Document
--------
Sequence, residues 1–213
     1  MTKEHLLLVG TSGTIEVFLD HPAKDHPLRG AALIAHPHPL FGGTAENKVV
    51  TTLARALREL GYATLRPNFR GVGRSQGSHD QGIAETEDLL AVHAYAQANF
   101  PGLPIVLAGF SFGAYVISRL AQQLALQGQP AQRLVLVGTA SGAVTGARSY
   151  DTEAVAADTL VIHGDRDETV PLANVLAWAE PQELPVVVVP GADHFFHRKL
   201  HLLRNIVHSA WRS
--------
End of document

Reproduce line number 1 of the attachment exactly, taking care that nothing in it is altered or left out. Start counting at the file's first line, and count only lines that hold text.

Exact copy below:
Sequence, residues 1–213